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One Giant Factory

This is a post from 2009, updated heavily.  

Canton, Ohio, is a brick and proper kind of town that most people know for the Pro Football Hall of Fame.  I was there to visit a customer who was kind enough to give one of the new products I was developing a real-world trial.  That went well enough, but Canton itself was a bit of a mystery.  Why is it there?  What did people do that gave them the scratch to create a decent town that was aging poorly?  One night I had to ask my favorite authority on these kinds of questions, which is a random person in a bar – color is always more important to me than accuracy.  But in Canton, Ohio, there is only one answer to the question as to why they exist:

A roller bearing assembly.

Timken Roller Bearing.  They make roller bearings, the things that make shafts and wheels turn with less friction and more precision.  We talked about where these roller bearings went, and it became clear to me that steel from Pittsburgh came to Canton, was made into bearings that traveled to Cleveland where they became wheels for cars assembled in Detroit.  Along the way they met up with rubber that came in the port of Baltimore to Akron and became tires.  About 100 years ago the whole state of Ohio became something like an enormous factory – a label that won’t sit well with the people who live in the rolling farmland of southern Ohio, but they know what I mean.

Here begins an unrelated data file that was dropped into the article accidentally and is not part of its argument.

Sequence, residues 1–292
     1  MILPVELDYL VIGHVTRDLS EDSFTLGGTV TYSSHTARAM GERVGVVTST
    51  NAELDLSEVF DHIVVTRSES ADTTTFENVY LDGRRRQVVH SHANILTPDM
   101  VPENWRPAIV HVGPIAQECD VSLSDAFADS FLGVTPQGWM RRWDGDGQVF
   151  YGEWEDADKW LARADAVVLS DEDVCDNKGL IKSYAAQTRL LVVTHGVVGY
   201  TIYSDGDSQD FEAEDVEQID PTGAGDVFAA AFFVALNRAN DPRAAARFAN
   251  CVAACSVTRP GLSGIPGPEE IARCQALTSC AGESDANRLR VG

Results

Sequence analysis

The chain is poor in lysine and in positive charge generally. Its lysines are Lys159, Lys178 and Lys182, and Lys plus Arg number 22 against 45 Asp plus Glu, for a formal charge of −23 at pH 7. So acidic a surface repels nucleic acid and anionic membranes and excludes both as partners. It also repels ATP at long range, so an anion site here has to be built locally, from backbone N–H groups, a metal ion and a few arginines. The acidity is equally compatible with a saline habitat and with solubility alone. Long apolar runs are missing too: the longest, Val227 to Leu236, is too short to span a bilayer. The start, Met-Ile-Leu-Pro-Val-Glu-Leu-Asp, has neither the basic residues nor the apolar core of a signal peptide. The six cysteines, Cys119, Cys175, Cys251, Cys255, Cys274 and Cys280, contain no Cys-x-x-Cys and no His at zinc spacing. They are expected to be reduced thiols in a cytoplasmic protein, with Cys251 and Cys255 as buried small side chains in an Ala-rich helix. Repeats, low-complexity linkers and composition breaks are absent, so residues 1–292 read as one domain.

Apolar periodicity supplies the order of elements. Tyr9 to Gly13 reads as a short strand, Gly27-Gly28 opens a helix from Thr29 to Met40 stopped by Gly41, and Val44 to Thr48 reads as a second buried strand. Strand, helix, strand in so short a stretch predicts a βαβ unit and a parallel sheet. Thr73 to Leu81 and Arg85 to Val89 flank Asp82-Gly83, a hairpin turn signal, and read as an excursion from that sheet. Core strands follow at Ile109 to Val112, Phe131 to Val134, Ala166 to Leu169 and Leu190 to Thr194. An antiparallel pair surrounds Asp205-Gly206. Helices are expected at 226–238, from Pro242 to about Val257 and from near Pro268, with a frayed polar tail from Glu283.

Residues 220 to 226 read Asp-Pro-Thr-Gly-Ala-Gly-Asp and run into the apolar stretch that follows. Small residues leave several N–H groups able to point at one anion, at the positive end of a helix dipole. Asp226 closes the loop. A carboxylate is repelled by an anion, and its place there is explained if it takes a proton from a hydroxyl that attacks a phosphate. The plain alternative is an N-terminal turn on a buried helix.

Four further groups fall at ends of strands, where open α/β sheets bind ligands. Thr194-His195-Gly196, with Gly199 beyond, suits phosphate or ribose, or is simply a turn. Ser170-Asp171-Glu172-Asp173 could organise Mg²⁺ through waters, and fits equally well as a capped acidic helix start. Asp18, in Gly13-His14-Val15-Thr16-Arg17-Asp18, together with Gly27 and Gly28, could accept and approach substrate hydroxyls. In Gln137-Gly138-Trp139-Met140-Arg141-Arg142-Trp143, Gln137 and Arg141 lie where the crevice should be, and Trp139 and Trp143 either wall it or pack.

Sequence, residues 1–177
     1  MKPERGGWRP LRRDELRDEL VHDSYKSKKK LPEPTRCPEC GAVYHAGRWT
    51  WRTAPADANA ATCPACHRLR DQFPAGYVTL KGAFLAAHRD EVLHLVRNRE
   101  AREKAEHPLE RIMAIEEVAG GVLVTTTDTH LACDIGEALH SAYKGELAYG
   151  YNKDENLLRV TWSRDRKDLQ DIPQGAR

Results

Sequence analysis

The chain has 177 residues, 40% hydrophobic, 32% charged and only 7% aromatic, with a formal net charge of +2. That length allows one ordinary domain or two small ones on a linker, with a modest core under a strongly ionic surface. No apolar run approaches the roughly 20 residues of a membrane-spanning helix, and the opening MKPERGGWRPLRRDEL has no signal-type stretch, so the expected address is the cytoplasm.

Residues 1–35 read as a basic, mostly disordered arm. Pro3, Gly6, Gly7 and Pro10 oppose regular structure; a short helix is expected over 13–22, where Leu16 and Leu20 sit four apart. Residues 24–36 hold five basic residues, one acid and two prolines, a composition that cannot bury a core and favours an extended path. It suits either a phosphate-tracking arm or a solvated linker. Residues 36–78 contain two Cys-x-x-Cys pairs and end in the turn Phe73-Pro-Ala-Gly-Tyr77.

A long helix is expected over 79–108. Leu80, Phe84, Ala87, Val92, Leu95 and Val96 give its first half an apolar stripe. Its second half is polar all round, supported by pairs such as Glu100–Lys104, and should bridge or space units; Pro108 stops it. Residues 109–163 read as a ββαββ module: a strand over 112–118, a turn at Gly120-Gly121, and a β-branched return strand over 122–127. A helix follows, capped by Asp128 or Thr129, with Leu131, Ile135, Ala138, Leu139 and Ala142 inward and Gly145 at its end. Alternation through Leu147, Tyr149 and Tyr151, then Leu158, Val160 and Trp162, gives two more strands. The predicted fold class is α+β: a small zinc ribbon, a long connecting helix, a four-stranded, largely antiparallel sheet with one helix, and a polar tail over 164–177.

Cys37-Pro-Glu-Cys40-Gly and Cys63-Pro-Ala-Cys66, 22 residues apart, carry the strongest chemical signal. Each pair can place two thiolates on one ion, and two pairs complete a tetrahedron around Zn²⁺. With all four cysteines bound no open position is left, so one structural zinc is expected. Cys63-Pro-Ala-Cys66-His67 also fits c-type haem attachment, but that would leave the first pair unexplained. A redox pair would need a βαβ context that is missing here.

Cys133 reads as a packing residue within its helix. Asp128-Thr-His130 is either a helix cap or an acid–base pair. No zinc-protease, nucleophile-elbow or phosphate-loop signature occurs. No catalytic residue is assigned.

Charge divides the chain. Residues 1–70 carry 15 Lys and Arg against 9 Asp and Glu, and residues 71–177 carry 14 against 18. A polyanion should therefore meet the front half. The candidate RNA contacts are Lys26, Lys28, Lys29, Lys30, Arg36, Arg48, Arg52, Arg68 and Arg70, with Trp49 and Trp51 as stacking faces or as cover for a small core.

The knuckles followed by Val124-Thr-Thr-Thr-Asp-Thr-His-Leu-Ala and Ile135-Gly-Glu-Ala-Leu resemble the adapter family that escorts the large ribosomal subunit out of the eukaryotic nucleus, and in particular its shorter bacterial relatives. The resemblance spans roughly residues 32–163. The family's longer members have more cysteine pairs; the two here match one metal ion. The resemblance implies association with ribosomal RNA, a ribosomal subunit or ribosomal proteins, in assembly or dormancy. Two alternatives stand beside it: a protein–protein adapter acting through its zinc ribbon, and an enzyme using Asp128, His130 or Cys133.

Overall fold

I thought of this recently as GM pitched and rolled through a quickie BK. After all, it was the General along with the other two that created this assembly line that culminated in Detroit.  It was all economy of scale back then, an efficiency gained  through division of labor.  Everyone specializes and does the same thing over and over, getting damned good at it.  Entire tows like Canton had one thing in mind. As the years wore on, however, scale wasn’t quite enough.  The cost of carrying inventory, in both money and quality control, caused the automakers to squeeze their production into a lean athletic shape.  More outsourcing to independent suppliers created odd dysfunctional relationships like a family, careening between Ozzie and Harriet and la Cosa Nostra.  Canton fell on hard times.

Big companies have been slow to hire, slow to increase hours

Cars, and other things, are made very differently today.  The great migration of material through the continent that made our car companies possible will have to be replaced by an incredibly efficient machine that holds nothing any longer than it has to, getting its supplies of parts each day to last them just that day and pushing the cars out the door made to order.  The old economies of scale are dead.

What does this mean for places like Canton?  If nothing else, they can’t survive being just one cog in the great mechanical wonder that spits out cars – but they know this.  But the reality of reduced inventory and a greater commitment to the whole will continue to change manufacturing as we know it.